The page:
Last week Red Deer was privy to a visit from the National Chief of Congress of Aboriginal Peoples, Dwight Dorey.
Dorey is currently engaging in a tour that will be bringing him from coast to coast to discuss the needs, issues and opinions of those in his constituency. As the current leader of the Congress of Aboriginal Peoples (CAP), Dorey looks into the interests of all off-reserve status and non-status Indians, Metis and Southern Inuit Aboriginal peoples.
He said this engagement tour is an opportunity for him to hear what people living off-reserve and in urban areas are dealing with and what concerns they have to bring forward.
“I think the Red Deer visit was a good opportunity to get connected with people. Some of the questions and comments people had were very effective in terms of the kind of information I’m looking to get,” Dorey said. “I felt that there was generally a good, positive response to the presentation I made about who are as the Congress of Aboriginal Peoples. Already on this grassroots tour I’ve had the opportunities to meet with some of the provincial and municipal government officials in Calgary and Edmonton. My opinion is that the people in these jurisdictions have an optimistic view and seem to be encouraged with the opportunity to be working in partnership again with federal government.”
“The whole sense of partnership is being felt all throughout my trip, and that’s quite encouraging.”
Dorey was met by approximately 25 members of the local community, who brought up issues such as working with governments to potentially see the missing and murdered women in context as a hate crime and readjusting financial distribution from industries such as mining, logging, etc. that are done on reserve lands and treaty-protected regions.
He said he was pleased to receive information about what was important to this region.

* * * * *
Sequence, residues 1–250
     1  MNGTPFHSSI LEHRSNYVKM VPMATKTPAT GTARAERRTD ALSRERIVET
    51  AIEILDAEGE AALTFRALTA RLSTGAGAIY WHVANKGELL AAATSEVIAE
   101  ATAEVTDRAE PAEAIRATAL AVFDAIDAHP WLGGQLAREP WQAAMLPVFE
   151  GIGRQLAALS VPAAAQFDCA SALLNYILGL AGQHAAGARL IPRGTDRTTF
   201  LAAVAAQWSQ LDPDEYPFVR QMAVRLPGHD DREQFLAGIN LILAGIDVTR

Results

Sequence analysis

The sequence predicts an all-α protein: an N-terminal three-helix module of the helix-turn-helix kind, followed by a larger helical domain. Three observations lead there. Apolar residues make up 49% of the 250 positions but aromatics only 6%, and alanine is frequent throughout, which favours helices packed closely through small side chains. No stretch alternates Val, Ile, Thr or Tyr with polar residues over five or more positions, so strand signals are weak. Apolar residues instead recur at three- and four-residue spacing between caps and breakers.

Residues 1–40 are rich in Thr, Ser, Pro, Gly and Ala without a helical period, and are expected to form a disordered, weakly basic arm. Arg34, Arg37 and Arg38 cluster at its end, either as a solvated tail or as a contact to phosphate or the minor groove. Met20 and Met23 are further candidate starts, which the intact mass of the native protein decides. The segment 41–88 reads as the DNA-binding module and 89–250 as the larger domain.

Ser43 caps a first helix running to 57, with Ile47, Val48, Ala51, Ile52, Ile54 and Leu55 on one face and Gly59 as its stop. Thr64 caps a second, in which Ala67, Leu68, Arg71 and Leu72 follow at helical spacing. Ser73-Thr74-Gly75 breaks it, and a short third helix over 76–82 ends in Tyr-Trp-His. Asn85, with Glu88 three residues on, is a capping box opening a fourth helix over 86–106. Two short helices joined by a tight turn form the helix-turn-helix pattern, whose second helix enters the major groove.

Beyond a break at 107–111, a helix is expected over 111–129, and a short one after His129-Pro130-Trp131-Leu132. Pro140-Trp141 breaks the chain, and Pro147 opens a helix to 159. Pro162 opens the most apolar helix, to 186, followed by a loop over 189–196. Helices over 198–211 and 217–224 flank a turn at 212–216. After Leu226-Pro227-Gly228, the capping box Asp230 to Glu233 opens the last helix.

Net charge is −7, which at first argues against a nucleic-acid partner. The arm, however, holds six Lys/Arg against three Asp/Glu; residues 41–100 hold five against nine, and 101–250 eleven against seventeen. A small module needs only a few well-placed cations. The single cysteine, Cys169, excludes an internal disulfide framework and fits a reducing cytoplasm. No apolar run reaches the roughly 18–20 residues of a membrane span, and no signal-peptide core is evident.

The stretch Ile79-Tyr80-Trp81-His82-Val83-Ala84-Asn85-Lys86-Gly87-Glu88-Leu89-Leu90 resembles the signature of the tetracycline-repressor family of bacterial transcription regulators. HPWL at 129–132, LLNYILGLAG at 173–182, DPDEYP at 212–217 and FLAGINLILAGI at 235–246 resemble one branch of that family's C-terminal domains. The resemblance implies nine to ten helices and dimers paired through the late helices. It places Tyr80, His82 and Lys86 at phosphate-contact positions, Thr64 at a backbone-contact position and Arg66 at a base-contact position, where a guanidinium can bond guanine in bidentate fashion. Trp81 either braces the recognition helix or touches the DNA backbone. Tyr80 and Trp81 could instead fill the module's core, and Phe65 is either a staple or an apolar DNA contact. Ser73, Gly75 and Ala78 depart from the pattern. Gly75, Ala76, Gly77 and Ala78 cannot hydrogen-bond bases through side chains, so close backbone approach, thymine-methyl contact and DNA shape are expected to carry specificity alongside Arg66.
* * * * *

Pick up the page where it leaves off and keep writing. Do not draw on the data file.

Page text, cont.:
“This is my first go-around, and I definitely will be back in this area sometime in the near future,” he said.
“I’m getting very positive input and interest from different community groups that are interested in affiliating with our congress. We don’t technically have an affiliate in this area right now. I had dinner with some people here and it was great because they are ready to get to work and I’m ready to have them join us.”
Dorey has already travelled through several regions in British Columbia, and is making his way up to the Northwest Territories and Yukon before taking a small break. He will then return to the next leg of his tour.
“I’m planning to make at least two or three stops in major centres of each province. In addition to that, I’m meeting with various government officials, both municipal and provincial. While I’m in Yellowknife, I’ll be having dinner with the premier there. As well, I met with some officials in Edmonton from the Aboriginal Affairs section,” he said.
He added he is glad to be developing relationships with local and provincial branches of government, as well as engaging the federal government with the concerns he hears during these meetings.
In regards to the issues of the national inquiry into missing and murdered Aboriginal women and the Truth and Reconciliation Commission report, Dorey said he is so far pleased with how the federal government was navigating these issues. “The official ministers of these issues are involved currently and are taking a sort of first go-around meeting with the victims of the violence – the families. It’s a very important first step,” he said.
Dorey said he enjoyed his time in Red Deer and was eager to use the information gathered here in his overall report that he will bring back to the federal government.